Permanent parking program on horizon, council plans to extend temporary ordinance – Santa Cruz Sentinel
SANTA CRUZ – Al fresco dining was crucial for local restaurants to survive during the pandemic as it allowed them to continue serving customers safely as COVID continued to spread throughout the community.
Currently, the city manages 96 outdoor operating permits. They consist of 37 parklets, 13 sidewalk dining areas, 34 private terraces and 12 fitness programs, according to Business Liaison Rebecca Unitt. Most of the permits are for downtown businesses, but they have spread throughout the city, including the Santa Cruz Municipal Wharf.
“We’ve had 96 permits and we’ve had five business closings,” Unitt said. “Any business closure is extremely devastating, but I think it also speaks to the power and impact of this program which can be a lifeline for businesses.”
The parklets have been so well received that Santa Cruz is exploring ways to make the program permanent. However, the implementation of a permanent program could take about a year.
Currently, the city’s temporary parking program ends on December 31. Part of Tuesday night’s discussion near the end of the board meeting urged the board to extend the temporary program for another year until December 31, 2022.
Council ordered city staff to return to council for its second meeting in October with a revised temporary parking program. The extension will give municipal staff the opportunity to write the permanent program. Several aspects need to be adjusted to create a more streamlined program.
The first is to create a cohesive design that restaurants can use to model their parklets. The idea is to improve the security of the parklets. Unitt acknowledged that companies have done what they can with limited time and budgets, but now wants to create a standard for the addition.
“We would work with companies to review existing temporary fleets for any modifications,” Unitt said.
Examination of the existing parklets will begin in September, according to a schedule provided by the Economic Development Department. The review is expected to last around two months and end in November, when the city finalizes the design guidelines.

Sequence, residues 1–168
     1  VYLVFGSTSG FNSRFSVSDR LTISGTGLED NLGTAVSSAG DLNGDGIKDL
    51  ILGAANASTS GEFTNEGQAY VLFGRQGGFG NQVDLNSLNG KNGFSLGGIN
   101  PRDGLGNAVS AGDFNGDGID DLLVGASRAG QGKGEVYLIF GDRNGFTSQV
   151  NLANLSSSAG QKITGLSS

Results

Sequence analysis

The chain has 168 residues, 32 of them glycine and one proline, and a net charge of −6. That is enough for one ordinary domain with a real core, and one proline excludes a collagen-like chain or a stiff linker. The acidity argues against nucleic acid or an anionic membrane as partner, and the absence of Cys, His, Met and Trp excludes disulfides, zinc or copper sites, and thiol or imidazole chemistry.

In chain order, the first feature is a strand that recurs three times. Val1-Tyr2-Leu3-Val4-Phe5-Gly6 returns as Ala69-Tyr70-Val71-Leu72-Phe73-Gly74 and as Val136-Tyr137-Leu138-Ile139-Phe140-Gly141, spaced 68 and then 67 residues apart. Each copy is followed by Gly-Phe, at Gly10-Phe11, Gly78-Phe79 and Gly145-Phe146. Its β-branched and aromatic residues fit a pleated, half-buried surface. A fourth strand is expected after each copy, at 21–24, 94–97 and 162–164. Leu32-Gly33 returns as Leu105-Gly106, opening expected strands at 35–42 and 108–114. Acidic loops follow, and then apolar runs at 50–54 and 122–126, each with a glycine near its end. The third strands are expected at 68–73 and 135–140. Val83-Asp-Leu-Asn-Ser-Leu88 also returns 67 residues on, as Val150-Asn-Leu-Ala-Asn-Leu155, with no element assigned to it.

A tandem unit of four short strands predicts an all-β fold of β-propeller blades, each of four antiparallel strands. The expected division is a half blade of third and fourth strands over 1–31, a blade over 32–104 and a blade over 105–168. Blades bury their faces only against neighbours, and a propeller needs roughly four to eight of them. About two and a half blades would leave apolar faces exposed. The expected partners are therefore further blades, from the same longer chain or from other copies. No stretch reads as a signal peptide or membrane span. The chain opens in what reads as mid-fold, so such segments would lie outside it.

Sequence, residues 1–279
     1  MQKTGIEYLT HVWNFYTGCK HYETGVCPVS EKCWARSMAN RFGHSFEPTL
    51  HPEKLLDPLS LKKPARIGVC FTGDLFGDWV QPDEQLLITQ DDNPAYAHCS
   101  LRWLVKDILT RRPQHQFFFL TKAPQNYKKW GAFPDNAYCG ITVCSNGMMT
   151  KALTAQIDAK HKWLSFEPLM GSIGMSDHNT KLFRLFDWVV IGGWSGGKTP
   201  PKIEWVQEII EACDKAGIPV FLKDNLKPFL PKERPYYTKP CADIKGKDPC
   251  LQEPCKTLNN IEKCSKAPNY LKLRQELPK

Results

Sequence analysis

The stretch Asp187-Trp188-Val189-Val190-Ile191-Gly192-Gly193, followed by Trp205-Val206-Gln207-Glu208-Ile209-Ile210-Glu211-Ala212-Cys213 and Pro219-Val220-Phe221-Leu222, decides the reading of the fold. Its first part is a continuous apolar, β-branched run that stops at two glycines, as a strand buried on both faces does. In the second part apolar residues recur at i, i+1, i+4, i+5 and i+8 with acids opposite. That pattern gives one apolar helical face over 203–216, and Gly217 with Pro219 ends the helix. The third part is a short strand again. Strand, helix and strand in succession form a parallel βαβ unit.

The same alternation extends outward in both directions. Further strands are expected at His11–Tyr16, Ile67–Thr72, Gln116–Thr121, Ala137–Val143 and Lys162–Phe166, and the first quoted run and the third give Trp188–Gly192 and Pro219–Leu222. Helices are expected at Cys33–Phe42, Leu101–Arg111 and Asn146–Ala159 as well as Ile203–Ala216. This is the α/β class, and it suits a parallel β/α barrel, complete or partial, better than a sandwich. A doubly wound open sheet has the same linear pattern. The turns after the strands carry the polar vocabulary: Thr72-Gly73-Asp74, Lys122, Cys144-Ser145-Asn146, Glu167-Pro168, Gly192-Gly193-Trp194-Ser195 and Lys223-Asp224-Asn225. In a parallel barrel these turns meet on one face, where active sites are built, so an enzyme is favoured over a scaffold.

The city also hopes to expand the areas where parklets are allowed. In the downtown area, parklets are only found in the 1100 block of Pacific Avenue and the partial closure of Cathcart Street, places that the original pilot program did not allow them to be. Therefore, the city must take the time to revise the program to allow the parklets to be on Pacific Avenue after the temporary program ends.
The city is also considering expanding the area to Beach Street or parts of the western part “where appropriate,” Unitt said. The city does not know when this step of the process will take place or how long it will take, as it has not yet coordinated this step of the project with the planning commission.
Finally, the city must revise the tariff structure of the program. Currently, the city has a fee to register for the program. For private spaces, the money stops there. However, for businesses that would need to use the street or sidewalk space for alfresco dining, the city includes a parking fee, according to economic development director Bonnie Lipscomb.
Revising the program to make it permanent should not take the whole year. However, the city wanted to give businesses time to go through the licensing process so there was no gap between temporary and permanent programs. The authorization process is expected to begin sometime in 2022, according to the schedule.
“I want to thank you all across economic development for all the hard work you have done in trying to make these outdoor dining opportunities come true,” Board Member Justin Cummings. “(They are) something that, as Rebecca mentioned, has been a lifeline for many companies. So many businesses want to be compliant, and that helps them comply with county guidelines. “